TORONTO, Jan. 8, 2014 /CNW/ - Special Olympics Canada is thrilled to
congratulate Special Olympics Manitoba's Vice President of Sport and
Program, Jennifer Campbell, on being named to the Canadian Association
for the Advancement of Women in Sport and Physical Activity's (CAAWS)
Most Influential Women in Sport and Physical Activity list for 2013.
CAAWS has published the Most Influential Women List for the past 12
years, aiming to recognize and highlight the achievements of Canadian
women in sport. Past inductees include the late Sarah Burke, Clara
Hughes, Hayley Wickenheiser, Cassie Campbell, Anne Merklinger and Cathy
Priestner Allinger, to name a few.
Jennifer has been a long-standing advocate and champion of using sport
to enrich the lives of Canadians with intellectual disabilities,
particularly through her various roles within Special Olympics
Manitoba. Most recently, she led Team Canada as Chef de Mission at the
2013 Special Olympics World Winter Games in PyeongChang, Republic of
Korea, the only person to have held this role for Canada at a Special
Olympics World Games twice. The first time was at the 2011 Special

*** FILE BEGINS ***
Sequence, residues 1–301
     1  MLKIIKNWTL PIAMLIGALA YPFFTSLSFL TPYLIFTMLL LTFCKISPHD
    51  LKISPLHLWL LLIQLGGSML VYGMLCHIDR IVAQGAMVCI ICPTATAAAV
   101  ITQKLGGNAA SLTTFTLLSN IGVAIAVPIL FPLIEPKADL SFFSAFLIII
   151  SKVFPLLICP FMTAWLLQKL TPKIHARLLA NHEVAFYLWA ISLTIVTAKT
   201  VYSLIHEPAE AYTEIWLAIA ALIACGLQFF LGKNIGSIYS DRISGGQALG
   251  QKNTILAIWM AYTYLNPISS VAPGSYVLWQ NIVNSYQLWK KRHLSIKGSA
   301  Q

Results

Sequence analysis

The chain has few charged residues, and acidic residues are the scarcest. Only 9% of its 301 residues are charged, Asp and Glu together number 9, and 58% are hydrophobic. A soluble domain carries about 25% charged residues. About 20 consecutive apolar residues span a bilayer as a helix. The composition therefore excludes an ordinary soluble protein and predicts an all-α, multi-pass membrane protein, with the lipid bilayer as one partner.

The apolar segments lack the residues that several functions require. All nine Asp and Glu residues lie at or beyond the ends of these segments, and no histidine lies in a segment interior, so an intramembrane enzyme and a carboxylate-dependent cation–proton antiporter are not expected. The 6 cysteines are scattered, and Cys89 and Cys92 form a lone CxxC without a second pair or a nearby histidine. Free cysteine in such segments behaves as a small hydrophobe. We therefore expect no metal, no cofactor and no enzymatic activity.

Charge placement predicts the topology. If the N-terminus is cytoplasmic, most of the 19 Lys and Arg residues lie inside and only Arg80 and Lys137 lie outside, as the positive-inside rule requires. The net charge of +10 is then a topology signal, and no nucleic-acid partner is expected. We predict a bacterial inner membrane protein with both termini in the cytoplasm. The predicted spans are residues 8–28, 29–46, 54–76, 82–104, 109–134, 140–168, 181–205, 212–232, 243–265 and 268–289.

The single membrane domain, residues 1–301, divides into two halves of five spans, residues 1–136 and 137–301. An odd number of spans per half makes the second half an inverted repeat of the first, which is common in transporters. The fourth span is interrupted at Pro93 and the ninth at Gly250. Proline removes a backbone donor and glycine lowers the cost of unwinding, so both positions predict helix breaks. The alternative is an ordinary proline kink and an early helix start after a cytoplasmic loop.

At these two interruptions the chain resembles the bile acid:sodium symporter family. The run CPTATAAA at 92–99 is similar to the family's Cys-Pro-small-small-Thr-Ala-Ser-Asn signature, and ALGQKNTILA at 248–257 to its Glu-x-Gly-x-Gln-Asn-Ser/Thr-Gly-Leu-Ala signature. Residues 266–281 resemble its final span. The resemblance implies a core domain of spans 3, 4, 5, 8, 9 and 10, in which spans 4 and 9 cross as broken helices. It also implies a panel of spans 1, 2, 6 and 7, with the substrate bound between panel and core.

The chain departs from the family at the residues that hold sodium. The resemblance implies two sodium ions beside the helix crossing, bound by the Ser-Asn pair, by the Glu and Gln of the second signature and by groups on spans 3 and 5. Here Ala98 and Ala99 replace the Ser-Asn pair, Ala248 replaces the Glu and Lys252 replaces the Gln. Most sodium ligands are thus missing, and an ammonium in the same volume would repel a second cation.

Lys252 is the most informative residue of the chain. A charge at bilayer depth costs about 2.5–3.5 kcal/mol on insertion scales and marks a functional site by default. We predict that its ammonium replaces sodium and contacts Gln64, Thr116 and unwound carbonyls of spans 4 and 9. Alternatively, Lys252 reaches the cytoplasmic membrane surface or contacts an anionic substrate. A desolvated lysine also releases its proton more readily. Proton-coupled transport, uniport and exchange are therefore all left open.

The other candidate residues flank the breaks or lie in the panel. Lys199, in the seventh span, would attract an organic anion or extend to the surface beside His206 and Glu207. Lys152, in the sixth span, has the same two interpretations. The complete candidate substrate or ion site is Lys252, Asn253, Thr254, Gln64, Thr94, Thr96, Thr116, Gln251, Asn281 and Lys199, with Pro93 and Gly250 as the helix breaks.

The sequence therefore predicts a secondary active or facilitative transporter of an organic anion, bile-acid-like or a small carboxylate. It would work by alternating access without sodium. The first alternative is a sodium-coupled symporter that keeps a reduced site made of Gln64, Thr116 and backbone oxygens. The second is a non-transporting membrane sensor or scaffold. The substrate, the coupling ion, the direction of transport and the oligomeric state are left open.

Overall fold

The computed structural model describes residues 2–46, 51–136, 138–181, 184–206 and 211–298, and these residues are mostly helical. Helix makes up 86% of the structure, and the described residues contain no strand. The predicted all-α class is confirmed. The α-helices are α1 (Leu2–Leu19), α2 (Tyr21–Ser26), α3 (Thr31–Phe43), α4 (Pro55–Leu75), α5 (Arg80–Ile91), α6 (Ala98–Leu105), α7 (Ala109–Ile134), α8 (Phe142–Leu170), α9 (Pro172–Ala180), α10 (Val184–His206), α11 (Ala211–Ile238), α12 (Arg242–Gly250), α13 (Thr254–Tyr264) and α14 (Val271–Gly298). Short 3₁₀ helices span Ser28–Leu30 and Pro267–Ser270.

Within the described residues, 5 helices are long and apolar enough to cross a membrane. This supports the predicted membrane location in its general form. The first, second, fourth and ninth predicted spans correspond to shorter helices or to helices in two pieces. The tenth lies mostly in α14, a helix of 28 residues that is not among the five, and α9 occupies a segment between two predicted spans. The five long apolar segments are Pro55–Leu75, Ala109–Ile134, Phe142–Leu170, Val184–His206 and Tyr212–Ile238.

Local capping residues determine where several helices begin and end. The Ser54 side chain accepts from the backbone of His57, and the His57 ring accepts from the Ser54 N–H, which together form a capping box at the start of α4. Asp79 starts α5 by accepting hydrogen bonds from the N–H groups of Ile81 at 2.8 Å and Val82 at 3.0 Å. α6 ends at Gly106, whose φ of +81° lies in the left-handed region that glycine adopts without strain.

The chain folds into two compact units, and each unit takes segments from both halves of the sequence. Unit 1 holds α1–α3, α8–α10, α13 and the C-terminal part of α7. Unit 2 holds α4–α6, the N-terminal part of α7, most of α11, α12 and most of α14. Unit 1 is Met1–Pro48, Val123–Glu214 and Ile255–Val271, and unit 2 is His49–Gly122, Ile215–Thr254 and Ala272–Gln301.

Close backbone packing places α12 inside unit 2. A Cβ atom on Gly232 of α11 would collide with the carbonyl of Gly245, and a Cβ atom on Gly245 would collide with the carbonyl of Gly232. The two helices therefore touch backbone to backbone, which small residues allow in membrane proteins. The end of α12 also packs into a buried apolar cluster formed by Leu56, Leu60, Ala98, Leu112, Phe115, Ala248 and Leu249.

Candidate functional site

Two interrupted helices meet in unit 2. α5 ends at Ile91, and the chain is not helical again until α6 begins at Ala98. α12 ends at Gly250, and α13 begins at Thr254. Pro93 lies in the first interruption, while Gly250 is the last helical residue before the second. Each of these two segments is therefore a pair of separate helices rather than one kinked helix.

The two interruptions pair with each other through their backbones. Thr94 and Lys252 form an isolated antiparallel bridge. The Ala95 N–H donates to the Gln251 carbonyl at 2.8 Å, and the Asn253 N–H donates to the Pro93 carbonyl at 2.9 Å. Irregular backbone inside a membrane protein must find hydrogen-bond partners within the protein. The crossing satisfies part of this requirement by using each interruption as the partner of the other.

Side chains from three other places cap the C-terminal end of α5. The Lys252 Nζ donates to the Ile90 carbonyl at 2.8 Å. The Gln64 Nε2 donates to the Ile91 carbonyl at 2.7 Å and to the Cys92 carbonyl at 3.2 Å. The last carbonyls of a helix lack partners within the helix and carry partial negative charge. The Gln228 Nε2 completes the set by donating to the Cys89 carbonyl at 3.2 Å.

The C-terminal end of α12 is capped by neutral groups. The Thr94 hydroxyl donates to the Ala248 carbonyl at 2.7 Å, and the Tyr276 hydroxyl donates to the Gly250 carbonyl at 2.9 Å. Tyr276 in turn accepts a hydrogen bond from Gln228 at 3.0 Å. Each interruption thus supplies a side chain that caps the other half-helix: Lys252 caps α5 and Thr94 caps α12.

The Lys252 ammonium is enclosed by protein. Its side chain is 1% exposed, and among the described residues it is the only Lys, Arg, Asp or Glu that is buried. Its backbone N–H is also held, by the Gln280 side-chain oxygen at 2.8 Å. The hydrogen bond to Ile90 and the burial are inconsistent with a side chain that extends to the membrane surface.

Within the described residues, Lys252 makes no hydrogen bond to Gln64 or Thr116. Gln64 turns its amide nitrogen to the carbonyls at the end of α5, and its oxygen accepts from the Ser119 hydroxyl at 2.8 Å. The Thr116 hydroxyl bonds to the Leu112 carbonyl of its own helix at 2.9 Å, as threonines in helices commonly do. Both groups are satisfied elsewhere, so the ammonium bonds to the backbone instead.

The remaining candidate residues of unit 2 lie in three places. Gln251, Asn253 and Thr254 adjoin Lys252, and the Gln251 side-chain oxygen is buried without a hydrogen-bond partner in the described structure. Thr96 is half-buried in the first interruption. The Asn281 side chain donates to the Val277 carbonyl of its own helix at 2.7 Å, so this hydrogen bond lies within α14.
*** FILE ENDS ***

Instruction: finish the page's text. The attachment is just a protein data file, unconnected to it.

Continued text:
Olympics World Summer Games in Athens, Greece. In PyeongChang, Jennifer
led Team Canada to a record medal total of 109. Jennifer also serves as
a member of Special Olympics Canada's Canadian Sport Council,
contributing both her expertise and knowledge to the organization on a
With Special Olympics Manitoba since 1995, Jennifer has held various
positions within the organization and has taken on an increasing number
of leadership roles throughout her tenure. Special Olympics Manitoba,
along with Special Olympics Canada, is fortunate to have someone with
an enthusiasm and passion for sport such as Jennifer on their team.
The CAAWS Most Influential Women in Sport and Physical Activity List is
compiled through a CAAWS selection panel, as well as public nominations
and contributions from knowledgeable sport and physical activity
leaders. Please click here to see the full list of this year's recipients.
About Special Olympics Canada
Established in 1969, the Canadian chapter of this international movement
is dedicated to enriching the lives of Canadians with an intellectual
disability through the transformative power and joy of sport. Operating
out of sport clubs in all Canadian provinces and territories, except
Nunavut, this grassroots movement reaches beyond the sphere of sport to
empower individuals, change attitudes and build communities. From
two-year-olds to mature adults, more than 36,739 athletes with an
intellectual disability are registered in Special Olympics year-round
programs across Canada. They are supported by more than 17,398
volunteers, including more than 12,694 trained coaches.
SOURCE: Special Olympics Canada
For further information:
visit www.specialolympics.ca or follow us on Facebook and Twitter (@SpecialOCanada).